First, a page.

Watching the Matrix Inside the Matrix

We were watching The Matrix last week in my senior composition class, and we had already covered the philosophical implications of the film: we connected early scenes to Plato and Camus (The Allegory of the Cave and "The Myth of Sisyphus") and so all we had left to discuss was the ending, when conflict and drama inside and outside the matrix build in masterful intertwined lock-step . . . Neo appears to be dead in the simulation, the sentinels have breached the hovercraft, Morpheus is about to detonate the EMP, and Trinity finally uses her oracular knowledge and some tongue to resolve things; this is when I used my brilliant analogy-- and analogy almost as brilliant as Plato's cave . . . I explained that the final structure is analogous to when they are in class-- the matrix-- pushing the rock and trying to live and succeed in the false reality of academia, and their cell-phone is buzzing, bring them information and messages from the real world, the world outside the matrix-like environment of school, the world which they desperately want to learn about and enter . . . but they're not supposed to be using their cell-phones in the school, they're supposed to ignore the outside world, stay inside the cave and focus on the shadows on the walls, but they want to graduate and see the light and fly around in the sky with cool sunglasses to awesome heavy techno music (and they're going to be sorely disappointed).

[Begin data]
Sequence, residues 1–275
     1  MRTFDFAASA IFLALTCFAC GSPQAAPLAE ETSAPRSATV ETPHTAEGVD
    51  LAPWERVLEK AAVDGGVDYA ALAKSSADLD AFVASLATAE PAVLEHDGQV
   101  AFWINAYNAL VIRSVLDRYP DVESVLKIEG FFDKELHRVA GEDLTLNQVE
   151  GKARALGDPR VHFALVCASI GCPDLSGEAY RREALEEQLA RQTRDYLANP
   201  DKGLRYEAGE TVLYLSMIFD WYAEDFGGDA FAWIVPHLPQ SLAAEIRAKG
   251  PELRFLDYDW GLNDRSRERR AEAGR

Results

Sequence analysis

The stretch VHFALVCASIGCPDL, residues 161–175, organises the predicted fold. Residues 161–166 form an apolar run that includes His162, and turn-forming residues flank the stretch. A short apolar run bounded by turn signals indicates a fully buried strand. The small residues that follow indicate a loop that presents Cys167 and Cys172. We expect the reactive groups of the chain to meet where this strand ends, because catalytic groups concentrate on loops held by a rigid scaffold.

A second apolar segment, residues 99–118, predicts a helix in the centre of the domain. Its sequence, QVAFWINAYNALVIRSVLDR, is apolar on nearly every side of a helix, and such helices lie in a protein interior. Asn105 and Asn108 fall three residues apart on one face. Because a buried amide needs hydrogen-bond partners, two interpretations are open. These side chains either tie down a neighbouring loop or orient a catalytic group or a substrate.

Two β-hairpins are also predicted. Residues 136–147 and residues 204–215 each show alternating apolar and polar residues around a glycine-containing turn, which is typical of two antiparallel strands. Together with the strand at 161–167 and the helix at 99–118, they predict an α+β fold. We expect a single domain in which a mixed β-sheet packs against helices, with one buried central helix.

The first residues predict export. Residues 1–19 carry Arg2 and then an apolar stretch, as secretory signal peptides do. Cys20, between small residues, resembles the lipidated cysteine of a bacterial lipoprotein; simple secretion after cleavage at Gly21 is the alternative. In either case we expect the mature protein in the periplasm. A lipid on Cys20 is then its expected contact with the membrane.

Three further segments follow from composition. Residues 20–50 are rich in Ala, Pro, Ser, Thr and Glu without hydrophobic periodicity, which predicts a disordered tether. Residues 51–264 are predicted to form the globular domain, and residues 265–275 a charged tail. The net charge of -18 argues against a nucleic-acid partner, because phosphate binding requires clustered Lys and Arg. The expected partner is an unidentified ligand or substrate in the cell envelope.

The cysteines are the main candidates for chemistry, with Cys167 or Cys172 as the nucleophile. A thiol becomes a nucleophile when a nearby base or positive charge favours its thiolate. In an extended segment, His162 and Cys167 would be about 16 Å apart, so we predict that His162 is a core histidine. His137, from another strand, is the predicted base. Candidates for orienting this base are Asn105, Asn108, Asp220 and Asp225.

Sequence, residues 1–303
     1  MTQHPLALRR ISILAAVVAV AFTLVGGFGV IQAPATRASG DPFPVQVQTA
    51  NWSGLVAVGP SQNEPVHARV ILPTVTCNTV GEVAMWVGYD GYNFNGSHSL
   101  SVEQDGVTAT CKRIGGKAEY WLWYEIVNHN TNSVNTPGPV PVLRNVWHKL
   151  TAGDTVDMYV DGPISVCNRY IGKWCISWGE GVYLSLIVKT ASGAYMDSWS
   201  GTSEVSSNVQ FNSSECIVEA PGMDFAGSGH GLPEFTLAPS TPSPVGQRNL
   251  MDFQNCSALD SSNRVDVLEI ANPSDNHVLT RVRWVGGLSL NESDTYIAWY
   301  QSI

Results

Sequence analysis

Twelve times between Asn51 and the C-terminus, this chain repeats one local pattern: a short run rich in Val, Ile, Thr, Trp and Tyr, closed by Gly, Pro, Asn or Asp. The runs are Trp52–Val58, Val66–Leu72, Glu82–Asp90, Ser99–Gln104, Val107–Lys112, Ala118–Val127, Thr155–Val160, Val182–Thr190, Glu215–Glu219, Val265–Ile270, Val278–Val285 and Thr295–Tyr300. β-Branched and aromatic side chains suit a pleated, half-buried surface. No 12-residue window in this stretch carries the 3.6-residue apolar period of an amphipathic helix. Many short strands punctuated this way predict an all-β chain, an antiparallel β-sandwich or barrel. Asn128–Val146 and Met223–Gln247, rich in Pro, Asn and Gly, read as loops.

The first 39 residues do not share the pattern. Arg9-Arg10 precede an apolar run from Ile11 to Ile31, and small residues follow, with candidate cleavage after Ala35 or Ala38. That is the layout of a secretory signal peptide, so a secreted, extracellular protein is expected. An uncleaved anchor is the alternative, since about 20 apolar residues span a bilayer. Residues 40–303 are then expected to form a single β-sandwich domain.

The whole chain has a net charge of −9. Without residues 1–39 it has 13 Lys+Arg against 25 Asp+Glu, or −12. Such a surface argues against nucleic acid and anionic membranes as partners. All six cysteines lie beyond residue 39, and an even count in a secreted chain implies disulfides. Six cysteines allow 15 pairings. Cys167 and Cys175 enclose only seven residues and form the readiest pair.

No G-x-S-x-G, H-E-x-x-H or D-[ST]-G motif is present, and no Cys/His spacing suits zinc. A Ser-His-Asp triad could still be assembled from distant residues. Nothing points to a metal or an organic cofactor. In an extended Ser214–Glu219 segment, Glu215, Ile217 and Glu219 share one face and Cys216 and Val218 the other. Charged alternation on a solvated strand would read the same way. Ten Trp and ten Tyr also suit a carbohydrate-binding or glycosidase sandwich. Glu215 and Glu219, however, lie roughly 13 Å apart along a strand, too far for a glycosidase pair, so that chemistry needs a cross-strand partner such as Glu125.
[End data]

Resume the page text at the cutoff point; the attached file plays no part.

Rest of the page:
zman said...

You get away with watching The Matrix in school? Tenure rocks.

Dave said...

the matrix is categorized under the genre philosophical/educational/action (in my book).

Dave said...

the problem is now we're going back to synthesis essays . . . my seniors are going to revolt.

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